Friday, January 20, 2012

The psychology of poverty

Despite the title, the habits John Cheese describes in The 5 Stupidest Habits You Develop Growing Up Poor aren't really stupid. Human beings in any environment do not operate by "rational" thought, i.e. thinking through the consequences of every possible action in every situation, and picking the action that will result in the best outcome. Instead, people develop habits of thought, and then pick the most applicable habit to each situation and act accordingly. Rationality is, I think, more applicable to evaluating our habits: does this habit usually lead to a moderately good outcome; if it does not, the rational response is adjust the habit.

The habits that Cheese describes are, when you're poor, actually rational, in that they usually lead to a moderately good outcome, and the habits that middle- and upper-class people develop would typically be disastrous. When you're poor, according to Cheese, you're always facing critical-priority expenses. You don't buy a new dryer when it's on sale because your car needs a new transmission that month. The only thing you buy in bulk is food, because transaction costs (driving to the grocery store) dominate food shopping. (Also, I suspect that, like me, a lot of poor people buy prepared food because they work a lot, at physically demanding jobs; cooking takes time, energy, and attention that's already in short supply.)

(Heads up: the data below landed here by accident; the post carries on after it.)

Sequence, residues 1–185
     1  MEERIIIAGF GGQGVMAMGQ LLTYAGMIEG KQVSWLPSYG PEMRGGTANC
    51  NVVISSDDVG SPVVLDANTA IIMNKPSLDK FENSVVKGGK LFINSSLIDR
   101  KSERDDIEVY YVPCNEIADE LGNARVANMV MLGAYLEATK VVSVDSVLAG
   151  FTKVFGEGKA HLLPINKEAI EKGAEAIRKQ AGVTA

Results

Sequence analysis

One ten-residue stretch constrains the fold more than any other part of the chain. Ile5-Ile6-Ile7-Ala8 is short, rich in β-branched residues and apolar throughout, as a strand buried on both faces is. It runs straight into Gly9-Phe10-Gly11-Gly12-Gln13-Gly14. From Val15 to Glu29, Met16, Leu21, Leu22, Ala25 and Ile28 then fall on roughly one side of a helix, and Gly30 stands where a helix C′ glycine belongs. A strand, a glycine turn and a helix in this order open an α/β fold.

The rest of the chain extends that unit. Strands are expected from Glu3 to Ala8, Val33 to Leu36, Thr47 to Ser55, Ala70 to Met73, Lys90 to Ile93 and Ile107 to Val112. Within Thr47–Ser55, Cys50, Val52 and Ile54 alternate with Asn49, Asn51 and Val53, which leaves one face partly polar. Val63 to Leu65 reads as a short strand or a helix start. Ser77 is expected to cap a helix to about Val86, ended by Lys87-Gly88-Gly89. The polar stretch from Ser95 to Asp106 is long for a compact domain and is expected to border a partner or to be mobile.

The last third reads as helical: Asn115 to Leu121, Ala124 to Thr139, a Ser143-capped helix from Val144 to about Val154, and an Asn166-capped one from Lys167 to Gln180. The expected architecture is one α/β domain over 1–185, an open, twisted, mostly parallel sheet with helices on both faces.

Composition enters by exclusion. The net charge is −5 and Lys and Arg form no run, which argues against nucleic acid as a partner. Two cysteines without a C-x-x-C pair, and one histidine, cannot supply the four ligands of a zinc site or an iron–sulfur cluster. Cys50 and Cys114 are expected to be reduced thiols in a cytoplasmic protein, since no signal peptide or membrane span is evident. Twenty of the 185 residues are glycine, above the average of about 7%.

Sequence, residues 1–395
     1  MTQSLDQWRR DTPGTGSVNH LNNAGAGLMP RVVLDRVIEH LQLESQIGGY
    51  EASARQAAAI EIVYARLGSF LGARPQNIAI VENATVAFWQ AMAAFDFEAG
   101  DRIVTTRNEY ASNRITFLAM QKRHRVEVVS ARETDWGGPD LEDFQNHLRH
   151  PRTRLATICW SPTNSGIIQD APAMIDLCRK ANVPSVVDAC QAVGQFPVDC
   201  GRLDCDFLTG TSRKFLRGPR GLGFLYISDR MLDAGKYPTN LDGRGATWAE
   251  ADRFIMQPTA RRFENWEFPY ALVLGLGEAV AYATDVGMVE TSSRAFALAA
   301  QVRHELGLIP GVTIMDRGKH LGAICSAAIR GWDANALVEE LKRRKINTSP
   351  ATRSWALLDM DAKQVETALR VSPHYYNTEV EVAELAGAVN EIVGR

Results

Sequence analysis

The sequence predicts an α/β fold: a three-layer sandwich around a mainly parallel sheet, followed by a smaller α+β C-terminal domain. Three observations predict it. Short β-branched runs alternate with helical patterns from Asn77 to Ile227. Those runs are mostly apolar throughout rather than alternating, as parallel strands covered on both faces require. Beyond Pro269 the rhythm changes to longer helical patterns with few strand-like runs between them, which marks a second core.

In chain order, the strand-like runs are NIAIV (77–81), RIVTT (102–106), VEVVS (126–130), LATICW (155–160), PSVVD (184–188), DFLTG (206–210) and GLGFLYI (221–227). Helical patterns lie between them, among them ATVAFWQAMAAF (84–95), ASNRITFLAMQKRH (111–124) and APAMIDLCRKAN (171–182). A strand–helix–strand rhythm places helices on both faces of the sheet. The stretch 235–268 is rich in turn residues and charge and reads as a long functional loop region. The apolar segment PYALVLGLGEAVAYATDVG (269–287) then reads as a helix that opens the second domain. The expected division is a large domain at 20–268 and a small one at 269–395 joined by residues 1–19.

What Cheese means by "stupid", I think, is that when poor people suddenly become slightly less poor, it's hard to abandon the rational habits they learned and developed to survive poverty, but have become counterproductive in their new environment. But that's more-or-less how habits have to work; the propensity to behave in a certain way that is easily abandoned will not serve as a survival strategy, especially under stress.

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